On a normal spring to summer day, an average APHE shell or AP shot will lose around 11% of its penetration power by the time it has travelled 500 metres, when compared to its maximum rating at 100 metres. This means that if it could penetrate up to 100mm at 100 metres, it can only penetrate up to 89mm after 500 metres.
If the shot is APC (no ballistic cap) then the aerodynamic drag will be worse.
If the shell or shot is of low mass (APCR) or gyrates as it becomes unstable (APDS) with range, then it will also suffer more aerodynamic drag.
Panther tank mantlet penetrated by a 90mm M3 firing HVAP shell.
Panther tank glacis penetrated by a 90mm M3 firing HVAP shell.
Another factor influencing the shell or shot's accuracy is the varying density of the air along the flight path. We experience these as breezes and wind. These pockets of varying air pressure can alter the aim minutely over longer distances and this will affect low velocity guns the worst. Higher velocity projectiles are less affected.
Our shell or shot reaches the target and strikes the armour. If it is a plain APHE shell or AP shot the point of contact will superheat and melt as the velocity of the projectile is converted into impact pressure.
Here we encounter more chaotic influences that will determine penetration or not.
Assuming that the target's armour is well within the limits of the projectile’s abilities, the shell or shot suffers a massive vibrational shock to its structure on impact, which will seek out any casting flaws and could shatter the projectile. This is classed as a fail.
To prevent this from happening, the manufacturers face-harden the ammo's surface. Ammunition designers fit a mild steel or steel cap (which has a low melting temperature) to the shell or shot. This will melt on impact, softening the shock felt by the shell or shot, and if the armour is not square onto the firing gun, it will cause the shell or shot to grip at the nose end and the tail end to pitch slightly, reducing the angle of incidence. If the angle is too great, the shell or shot will plough across the armour, losing energy and performance to friction until it can either dig in and begin to penetrate or be deflected away from the armour.
Let’s assume that our shell or shot was successful in penetrating.
Panther tank lower front plate penetrated by a 90mm M3 firing AP shot.
The penetration process sees the superheated shell or shot melt through the armour using focused pressure through inertia, ejecting molten armour rearwards as it passes through.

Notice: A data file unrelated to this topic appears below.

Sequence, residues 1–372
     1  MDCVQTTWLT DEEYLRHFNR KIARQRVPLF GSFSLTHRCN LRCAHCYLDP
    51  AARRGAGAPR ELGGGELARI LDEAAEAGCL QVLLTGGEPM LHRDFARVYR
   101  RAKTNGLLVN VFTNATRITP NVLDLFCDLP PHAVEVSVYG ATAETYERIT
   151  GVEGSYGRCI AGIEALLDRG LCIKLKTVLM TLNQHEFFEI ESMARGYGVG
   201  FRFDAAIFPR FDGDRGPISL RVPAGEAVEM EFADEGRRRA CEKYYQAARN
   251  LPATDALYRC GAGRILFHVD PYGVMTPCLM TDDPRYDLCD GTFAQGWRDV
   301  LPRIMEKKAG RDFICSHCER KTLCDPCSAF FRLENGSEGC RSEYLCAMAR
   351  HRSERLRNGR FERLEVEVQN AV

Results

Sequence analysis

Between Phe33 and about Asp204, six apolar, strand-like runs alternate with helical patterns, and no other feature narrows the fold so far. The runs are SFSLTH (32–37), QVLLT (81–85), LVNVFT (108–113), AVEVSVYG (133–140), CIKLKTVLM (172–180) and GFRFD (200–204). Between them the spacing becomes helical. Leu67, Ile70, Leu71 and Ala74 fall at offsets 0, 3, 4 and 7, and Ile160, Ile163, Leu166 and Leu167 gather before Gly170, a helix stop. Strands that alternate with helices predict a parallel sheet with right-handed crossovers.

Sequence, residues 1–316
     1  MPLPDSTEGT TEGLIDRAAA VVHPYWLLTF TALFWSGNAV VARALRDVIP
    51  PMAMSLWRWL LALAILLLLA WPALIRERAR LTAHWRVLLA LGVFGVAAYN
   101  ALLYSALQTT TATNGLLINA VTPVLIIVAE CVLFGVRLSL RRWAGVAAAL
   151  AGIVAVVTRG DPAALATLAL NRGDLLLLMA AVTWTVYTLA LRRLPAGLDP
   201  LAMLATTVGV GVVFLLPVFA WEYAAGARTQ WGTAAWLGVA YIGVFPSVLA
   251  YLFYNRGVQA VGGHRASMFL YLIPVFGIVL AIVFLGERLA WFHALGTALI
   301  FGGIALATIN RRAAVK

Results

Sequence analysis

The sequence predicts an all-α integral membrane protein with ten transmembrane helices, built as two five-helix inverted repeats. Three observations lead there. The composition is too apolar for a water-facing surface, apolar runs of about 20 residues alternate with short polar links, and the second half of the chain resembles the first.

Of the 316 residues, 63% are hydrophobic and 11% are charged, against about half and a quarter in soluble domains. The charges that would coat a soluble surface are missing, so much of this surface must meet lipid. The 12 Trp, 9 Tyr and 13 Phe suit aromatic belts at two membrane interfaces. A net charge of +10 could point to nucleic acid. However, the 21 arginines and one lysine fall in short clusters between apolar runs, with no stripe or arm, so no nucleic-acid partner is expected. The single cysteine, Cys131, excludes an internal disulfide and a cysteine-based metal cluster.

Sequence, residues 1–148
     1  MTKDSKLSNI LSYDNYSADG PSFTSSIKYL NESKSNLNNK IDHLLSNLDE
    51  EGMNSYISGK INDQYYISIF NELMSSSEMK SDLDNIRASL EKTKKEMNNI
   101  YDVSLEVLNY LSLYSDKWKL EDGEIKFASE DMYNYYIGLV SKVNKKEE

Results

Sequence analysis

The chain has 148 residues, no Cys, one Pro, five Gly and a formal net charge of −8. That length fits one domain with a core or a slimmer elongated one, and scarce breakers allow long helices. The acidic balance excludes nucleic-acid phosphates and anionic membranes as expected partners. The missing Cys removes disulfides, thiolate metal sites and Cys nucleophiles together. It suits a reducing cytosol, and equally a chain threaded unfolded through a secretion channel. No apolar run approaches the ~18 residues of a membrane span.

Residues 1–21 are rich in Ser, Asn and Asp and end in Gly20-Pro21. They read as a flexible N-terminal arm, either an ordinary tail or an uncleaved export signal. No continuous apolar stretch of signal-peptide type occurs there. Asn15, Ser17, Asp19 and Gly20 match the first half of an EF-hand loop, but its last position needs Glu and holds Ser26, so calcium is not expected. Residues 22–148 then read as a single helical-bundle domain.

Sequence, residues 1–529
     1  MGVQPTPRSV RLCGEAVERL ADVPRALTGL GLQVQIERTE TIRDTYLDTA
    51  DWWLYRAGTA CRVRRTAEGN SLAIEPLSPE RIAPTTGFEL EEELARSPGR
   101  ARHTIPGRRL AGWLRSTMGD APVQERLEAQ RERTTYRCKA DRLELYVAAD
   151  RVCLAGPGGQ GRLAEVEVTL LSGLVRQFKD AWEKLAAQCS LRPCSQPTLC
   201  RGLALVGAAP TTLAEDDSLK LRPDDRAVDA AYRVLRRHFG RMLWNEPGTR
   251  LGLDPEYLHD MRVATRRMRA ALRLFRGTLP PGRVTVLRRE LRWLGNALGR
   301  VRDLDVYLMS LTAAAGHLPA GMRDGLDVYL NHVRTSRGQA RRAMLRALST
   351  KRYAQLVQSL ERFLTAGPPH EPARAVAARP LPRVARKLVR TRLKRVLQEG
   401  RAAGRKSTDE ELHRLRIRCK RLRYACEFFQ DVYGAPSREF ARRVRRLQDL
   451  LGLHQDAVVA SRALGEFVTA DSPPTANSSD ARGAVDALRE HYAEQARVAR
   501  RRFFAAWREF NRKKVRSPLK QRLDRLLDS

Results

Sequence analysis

On entering the target's interior, the shell or shot could be anywhere from dull red hot to white hot, depending on the velocity, mass and energy plus thickness of armour traversed. In the latter case (superheated shot) the crew are instantly killed, any ammunition spontaneously explodes, and if it is an M-4 Sherman, the aviation fuel-filled gas tank boils and explodes in a massive fireball. That's in real life, not in WoT! However, only tungsten, tungsten-cobalt and uranium solid shot will superheat to white hot after penetration. Forged steel, forged iron and cast iron shells or shot would liquefy at those temperatures, causing a failure to penetrate the armour.
Soviet 76mm BR-350B
German 8.8 cm PzGr.39/43
Usually though, the shell or shot is just red hot, unless the armour was extremely thin, in which case shattered fragments of the armour, rivets, bolts and anything on the inside face of the hit will spray around the inside of the target at non-lethal but hazardous velocities.
If the round is solid shot it will ignite any flammable object it contacts, especially ammunition, fuel, oil, etc.
It also carries more mass for its size than an APHE shell so it can smash its way through equipment, engine blocks and so on.
If the round was an APHE type shell, then this explodes inside the target just as it enters, in mid-air or after bouncing around for a few seconds. If the contents are explosive, then the crew will most likely be killed by what is the equivalent of a mortar bomb HE sized explosion inside the target. The enclosed nature of the explosion serves to amplify it. Any ammunition or machinery reached by the blast's flame front will also be affected. With ammo, a chain reaction will ensue.
If the content is explosive or incendiary (BR-251B, BR-350B, etc.) then the crew will be sprayed with burning gel, as will any ammunition and equipment, effectively putting the target and crew out of the fight.
On the German PzGr.39. APCBC-HE, the projectile carries a base-mounted grenade charge containing a few grams of explosive. This causes a shrapnel effect inside a target, as the primary damage infliction is performed by the shot / shell it is attached to. The grenade serves as a backup damage infliction weapon.
And that is basically what happens without too much science.